I have seen many IT Infrastructure Project Managers being replaced on a project. Actually the project was not in the IT Infrastructure domain but a lot of IT infrastructure work was needed. The Project Director (who was a SME and not coming form a project management background) blamed on the IT Infrastructure PMs all the delays in infrastructure work and got rid of them one by one.
In reality the PMs were not incompetent but simply was impossible to deliver on time. They were contractors working with an IT Infrastructure department and having no formal authority over the IT Infrastructure resources. The department had a lot of work and was unable to deliver on time for all the projects. Still the Project Director did not understand that and was keeping the IT PMs responsible for all the delays.
Even if the IT PMs had had formal authority over the IT Infrastructure resources it still hadn't been possible to deliver on time because of the volume of work that was too high both on projects and on operations.
In my opinion in many cases it is hard to determine if the PM is responsible or not for the fact that the team is not delivering. From my experience PMs often have limited control over the ability of the team to deliver and too often stakeholders have unrealistic expectations from them. In the end many end up being just scapegoats. Saving Changes...
As a PM with only a few years experience, I had to dismiss a team member who was trying to be a PM as well, instead of doing the job they were assigned.
I was leading a set of sub-teams developing technical technical training for new engineering software. The problem individual was supposed to support but was instead trying to manage the individual sub-teams themselves. They were completely incompetent, it was very disruptive to everyone else, and they were all coming to me asking for help.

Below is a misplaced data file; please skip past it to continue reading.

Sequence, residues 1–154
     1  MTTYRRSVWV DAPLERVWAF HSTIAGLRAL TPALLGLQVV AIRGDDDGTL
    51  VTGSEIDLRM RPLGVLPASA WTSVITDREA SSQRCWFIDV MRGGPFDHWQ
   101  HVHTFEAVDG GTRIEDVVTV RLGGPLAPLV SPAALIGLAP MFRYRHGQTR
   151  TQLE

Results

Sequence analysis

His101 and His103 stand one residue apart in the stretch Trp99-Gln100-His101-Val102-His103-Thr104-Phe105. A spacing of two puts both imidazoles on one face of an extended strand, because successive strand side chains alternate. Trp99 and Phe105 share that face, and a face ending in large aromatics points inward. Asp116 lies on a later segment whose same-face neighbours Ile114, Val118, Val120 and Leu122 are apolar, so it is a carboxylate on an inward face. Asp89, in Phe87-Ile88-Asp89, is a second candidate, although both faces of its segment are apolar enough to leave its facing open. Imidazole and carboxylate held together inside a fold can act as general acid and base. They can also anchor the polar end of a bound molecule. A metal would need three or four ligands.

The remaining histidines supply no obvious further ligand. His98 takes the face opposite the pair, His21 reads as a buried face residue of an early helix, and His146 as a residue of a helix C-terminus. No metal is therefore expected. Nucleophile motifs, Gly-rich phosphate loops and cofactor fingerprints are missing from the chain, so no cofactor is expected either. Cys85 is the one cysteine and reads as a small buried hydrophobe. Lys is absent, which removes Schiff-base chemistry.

I asked the disruptive member to help work with me personally coordinating all the teams, but they insisted that they had to lead and couldn't help me do my boring job. After a discussion with both my own manager and theirs, I was instructed that if they would not follow my directions I had to tell them to return back to their home office across town. That is normally a job for the functional manager.
After another attempt to try and get them to play nicely with the others by getting the teams together and clarifying roles, the individual revolted in front of everyone, and I was forced to take them aside and tell them to return.
In retrospect, trying to clarify roles in a group setting so as not to single anyone out had the complete opposite affect I hoped for, but I had no training in this sort of thing. It was an extremely unpleasant situation all around. Saving Changes...
I have seen PM been replaced due to the inability to lead the team and provide the necessary to succeed.
I have also seen PMs been moved to another group, to avoid the "firing" process. Saving Changes...